Skip to main content

Birdsong


King's Theatre, Glasgow
4 stars
There's little in the way of sentimentality in much of the Original 
Theatre Company's new take on Sebastian Faulks' First World War novel 
by writer Rachel Wagstaff. Given that it looks at a doomed love affair 
between English officer Stephen Raysford and Isabelle Azaire, the 
French woman trapped in a loveless and abusive marriage who captivates 
him, this is somewhat surprising. But as the frontline troops let off 
steam with an increasingly desperate-looking sing-song that opens the 
play before marching to their deaths in the Somme, any ideas of a 
conventional war-time romance are instantly blasted into the trenches 
with the emotionally complex grit of what follows.

Where Faulks' story was originally told via a linear narrative, 
Wagstaff's script, revised since Trevor Nunn's original 2010 West End 
production, weaves her characters through time-frames to create an 
ambitiously realised memory play which moves seamlessly between each 
period. Alastair Whatley's fluid production, played out on Victoria 
Spearing's versatile bomb-site of set, focuses as much on Stephen's 
political awakening as much as his emotional one, as he finds empathy 
with squaddies just as Isabelle did with the striking factory workers 
she gave food to.

As Stephen, Jonathan Smith captures just the right balance of lovesick 
obsession and upper-crust bravura. Sarah Jayne Dunn's Isabelle is a 
quietly aloof presence, and a stirring symbol of the purity and passion 
he yearns for. As Stephen clings on to the impossible memory of 
Isabelle, the fragile peace of his own battle-scarred psyche comes into 
question. Ultimately, he survives the tug of love and war, but what's 
clear is how much war messes up the lives of even those it doesn't 
kill.

The Herald, April 10th 2013

ends

Comments

Popular posts from this blog

The Honourable K.W. Harman: Ltd Ink Corporation

31 Bath Road, Leith Docks, March 17th-20th

In a monumental shipping container down by Leith Docks, a Sex Pistols tribute band is playing Anarchy in the U.K.. on a stage set up in the middle of the room. Either side, various constructions have been built in such a way so viewers can window shop as they promenade from one end of the room to the next, with the holy grail of a bar at either end.

Inbetween, there’s a confession booth and a mock-up of a private detective’s office with assorted documentation of real-life surveillance pinned to the walls. Two people seem to be having a conversation in public as if they're on a chat show. An assault course of smashed windows are perched on the floor like collateral damage of post-chucking out time target practice. A display of distinctively lettered signs originally created by a homeless man in search of a bed for the night are clumped together on placards that seem to be marking out territory or else finding comfort in being together. Opp…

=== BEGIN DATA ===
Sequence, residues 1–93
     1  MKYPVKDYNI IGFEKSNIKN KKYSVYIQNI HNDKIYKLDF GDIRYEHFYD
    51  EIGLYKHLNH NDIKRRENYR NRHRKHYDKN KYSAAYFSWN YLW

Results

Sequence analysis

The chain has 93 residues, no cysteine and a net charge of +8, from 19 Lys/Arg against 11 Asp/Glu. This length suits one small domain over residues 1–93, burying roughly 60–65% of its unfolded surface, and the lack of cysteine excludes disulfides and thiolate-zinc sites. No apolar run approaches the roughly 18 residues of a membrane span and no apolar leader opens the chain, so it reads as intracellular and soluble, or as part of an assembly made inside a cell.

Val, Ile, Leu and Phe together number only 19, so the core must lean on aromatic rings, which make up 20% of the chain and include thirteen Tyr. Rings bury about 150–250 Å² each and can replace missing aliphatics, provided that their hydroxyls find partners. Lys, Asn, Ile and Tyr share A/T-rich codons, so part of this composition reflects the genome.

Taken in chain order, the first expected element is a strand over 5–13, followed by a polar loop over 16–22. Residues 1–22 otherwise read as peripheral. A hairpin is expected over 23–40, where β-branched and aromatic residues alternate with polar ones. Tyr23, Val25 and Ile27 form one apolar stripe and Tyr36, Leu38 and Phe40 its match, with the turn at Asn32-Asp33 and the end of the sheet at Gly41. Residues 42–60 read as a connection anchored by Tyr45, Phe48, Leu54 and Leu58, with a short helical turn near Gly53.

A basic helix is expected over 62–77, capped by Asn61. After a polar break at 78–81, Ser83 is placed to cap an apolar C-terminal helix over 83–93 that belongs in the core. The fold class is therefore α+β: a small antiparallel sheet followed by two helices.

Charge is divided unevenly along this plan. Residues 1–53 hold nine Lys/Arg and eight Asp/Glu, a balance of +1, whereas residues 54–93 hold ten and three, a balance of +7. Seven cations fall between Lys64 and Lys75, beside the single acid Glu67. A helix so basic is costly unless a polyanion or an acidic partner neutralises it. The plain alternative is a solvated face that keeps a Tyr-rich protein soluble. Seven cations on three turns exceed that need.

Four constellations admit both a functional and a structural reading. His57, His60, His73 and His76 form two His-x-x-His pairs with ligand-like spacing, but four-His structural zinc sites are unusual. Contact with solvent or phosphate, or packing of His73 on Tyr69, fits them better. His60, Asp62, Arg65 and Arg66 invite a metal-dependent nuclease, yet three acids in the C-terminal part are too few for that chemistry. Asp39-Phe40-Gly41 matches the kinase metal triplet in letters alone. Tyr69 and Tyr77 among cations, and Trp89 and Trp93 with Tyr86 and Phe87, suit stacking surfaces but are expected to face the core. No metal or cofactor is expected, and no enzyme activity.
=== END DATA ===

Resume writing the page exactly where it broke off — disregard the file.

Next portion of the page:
Scot:Lands 2017

Edinburgh's Hogmanay
Four stars

A sense of place is everything in Scot:Lands. Half the experience of Edinburgh's Hogmanay's now annual tour of the country's diverse array of cultures seen over nine bespoke stages in one global village is the physical journey itself. Scot:Lands too is about how that sense of place interacts with the people who are inspired inspired by that place.

So it was in Nether:Land, where you could see the day in at the Scottish Storytelling Centre with a mixed bag of traditional storytellers and contemporary performance poets such as Jenny Lindsay. The queues beside the Centre's cafe were further enlivened by the gentlest of ceilidhs was ushered in by Mairi Campbell and her band.

For Wig:Land, the grandiloquence of the little seen Signet Library in Parliament Square was transformed into a mini version of the Wigtown Book Festival. While upstairs provided a pop-up performance space where writers including Jessica Fox and Debi Gliori read eithe…

Nomanslanding

Tramway, Glasgow until July 2nd
Four stars

In the dead of night, the audience are split in two and led under-cover into lamp-lit tented structures. Inside, what look like peasant women on the run lead us down a ramp and into a large circular pod. It feels part cathedral, part space-ship, and to come blinking into the light of such a fantastical structure after stumbling in the dark disorientates and overwhelms. Sat around the pod as if awaiting prayers to begin, we watch as performers Nerea Bello and Judith Williams incant mournfully on either side of the room. Their keening chorales embark on a voyage of their own, twisting around each other by way of the international language of singing. As if in sympathy, the walls wail and whisper, before starting to move as those on either side of the pod are left stranded, a gulf between them.

This international co-commission between Glasgow Life and the Merchant City Festival, Sydney Harbour Foreshaw Authority in Australia and Urbane Kienste …